How We Treat
Physical therapy includes the evaluation and treatment of patients with pain, impairments, functional limitations, disabilities, or changes in physical function or health status resulting from disease, injury, surgery, or other causes.
We treat these patients through physical and mechanical means: that is, through:
- Instruction / education, including functional training with various assistive devices and adaptive equipment
- Posture and body mechanics training (ergonomics, proper sitting and lifting, daily activities)
- Therapeutic exercise
- Hands-on techniques (manual therapy including joint and soft tissue mobilization)
- Balance Activities
- Dry needling
- Various forms of heat and cold
- Modalities (machines that utilize electric current or ultrasound)
- Other mechanical devices such as mechanical traction
- Although we do not prescribe medicine, we can work closely with your physician if medications are indicated.
Our Process For Treatment
The process begins when you develop a problem. Often times you will go to your physician who prescribes physical therapy (PT). His/her office can fax us a prescription, along with your insurance and contact information. We will then call you and schedule your initial appointment. *It is important to note that you have the legal right to go to the physical therapy clinic of your choice.
You can also schedule PT directly, without a physician’s referral. Just call us to make an appointment. [If you have Medicare, you can schedule a visit without a referral as long as you have a physician we can notify who will sign off on our plan of care.]
On your first appointment, we ask you to arrive 15 minutes early to fill out paperwork. When completed, the PT will take you in a treatment room and talk with you about your condition and your goals for PT. He/she will then perform a thorough examination. Afterwards, we discuss with you our findings, our diagnosis, and our plan to help your condition. Often, treatment is started that day, depending on your problems. After the visit is finished, you will schedule your appointments with our front office. We make every effort to work with your schedule to give you the days and times that are most convenient. Usually you will be scheduled for 2-3 times per week, for 3-4 weeks, but this of course can vary greatly depending on your needs (see “common diagnoses and treatment”).
During the course of your treatments, you can plan on being here about 1 hour, but your therapist can be more specific after your first visit. Because we know your time is valuable, you will be seen within 10 minutes of your appointment time. The treatment is modified based on how you respond, and is constantly adjusted to meet your goals.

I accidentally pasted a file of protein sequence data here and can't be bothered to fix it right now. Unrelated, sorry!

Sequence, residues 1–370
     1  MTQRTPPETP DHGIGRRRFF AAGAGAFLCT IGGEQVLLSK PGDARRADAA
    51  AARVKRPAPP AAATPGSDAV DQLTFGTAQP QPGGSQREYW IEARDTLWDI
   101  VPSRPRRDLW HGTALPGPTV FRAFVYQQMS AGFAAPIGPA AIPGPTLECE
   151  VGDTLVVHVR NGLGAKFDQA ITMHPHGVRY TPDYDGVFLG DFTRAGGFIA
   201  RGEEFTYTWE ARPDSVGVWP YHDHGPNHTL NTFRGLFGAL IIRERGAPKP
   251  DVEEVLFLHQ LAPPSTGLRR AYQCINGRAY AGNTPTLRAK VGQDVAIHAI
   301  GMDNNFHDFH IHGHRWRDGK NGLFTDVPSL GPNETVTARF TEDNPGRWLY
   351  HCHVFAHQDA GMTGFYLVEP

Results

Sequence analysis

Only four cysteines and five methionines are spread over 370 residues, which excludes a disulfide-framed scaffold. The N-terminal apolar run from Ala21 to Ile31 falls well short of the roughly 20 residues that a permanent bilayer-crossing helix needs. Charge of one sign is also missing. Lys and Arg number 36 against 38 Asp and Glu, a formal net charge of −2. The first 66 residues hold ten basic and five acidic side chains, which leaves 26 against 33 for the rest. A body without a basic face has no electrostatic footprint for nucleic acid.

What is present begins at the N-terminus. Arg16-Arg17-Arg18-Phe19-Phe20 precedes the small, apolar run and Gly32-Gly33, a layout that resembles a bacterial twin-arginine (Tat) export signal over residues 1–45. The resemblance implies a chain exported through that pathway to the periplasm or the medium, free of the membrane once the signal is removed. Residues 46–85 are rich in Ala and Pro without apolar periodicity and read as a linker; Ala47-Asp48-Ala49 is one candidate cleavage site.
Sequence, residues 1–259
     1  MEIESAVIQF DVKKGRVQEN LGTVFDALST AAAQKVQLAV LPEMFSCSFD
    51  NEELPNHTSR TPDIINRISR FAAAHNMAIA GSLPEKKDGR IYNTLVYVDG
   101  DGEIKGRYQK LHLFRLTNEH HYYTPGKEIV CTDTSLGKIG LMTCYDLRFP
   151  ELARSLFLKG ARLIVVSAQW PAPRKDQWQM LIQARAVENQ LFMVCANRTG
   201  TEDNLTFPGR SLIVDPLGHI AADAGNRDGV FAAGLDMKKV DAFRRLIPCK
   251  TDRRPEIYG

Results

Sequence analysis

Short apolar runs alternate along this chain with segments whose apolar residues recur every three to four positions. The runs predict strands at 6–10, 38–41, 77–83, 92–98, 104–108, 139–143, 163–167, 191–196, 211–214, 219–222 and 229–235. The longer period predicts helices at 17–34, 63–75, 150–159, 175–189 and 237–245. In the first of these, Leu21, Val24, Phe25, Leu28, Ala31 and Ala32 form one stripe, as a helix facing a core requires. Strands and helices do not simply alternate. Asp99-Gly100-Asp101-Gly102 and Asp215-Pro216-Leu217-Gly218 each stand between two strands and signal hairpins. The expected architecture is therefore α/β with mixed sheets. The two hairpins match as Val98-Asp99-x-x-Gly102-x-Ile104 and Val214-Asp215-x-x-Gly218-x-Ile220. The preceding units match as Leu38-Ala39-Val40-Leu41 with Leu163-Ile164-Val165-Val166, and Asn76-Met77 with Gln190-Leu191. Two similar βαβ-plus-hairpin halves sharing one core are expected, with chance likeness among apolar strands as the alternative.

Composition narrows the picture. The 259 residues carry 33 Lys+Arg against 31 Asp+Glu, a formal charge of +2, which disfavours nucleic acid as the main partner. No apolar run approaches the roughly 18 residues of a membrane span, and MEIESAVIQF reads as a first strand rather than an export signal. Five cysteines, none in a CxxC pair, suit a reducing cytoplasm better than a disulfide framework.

On your last scheduled visit, we determine whether to continue or discharge. We consider many factors when making this determination.
- Have you met your goals?
- Are you improving at a significant pace?
- Do you still require the skills of a PT?
- Can you continue your rehab and recovery without PT?
We make this determination with your input. If we decide to continue, then we schedule the frequency and duration we think you will need to meet your goals.
If we decide on discharge, we will give you a home program so that you can continue your improvement and maintain your gains. We also offer a Wellness Program where you can continue to exercise independently in our facility for a nominal monthly fee.
Activities of Daily Living (ADL) trainingWe work towards enabling you to perform everyday activities such as dressing, cooking, your mobility, bathroom skills, etc.
Adaptive EquipmentEquipment that makes it easier to perform normal activities, and to compensate for disabilities.
Assistive DevicesVarious types of Walkers, Canes, Crutches.
Balance ActivitiesActivities that challenge your balance, with the assistance of the PT. These are usually done in conjunction with therapeutic exercises.
CryotherapyVarious forms of cold treatment including ice packs, ice massage, and “Spray and Stretch” (for stretching muscles).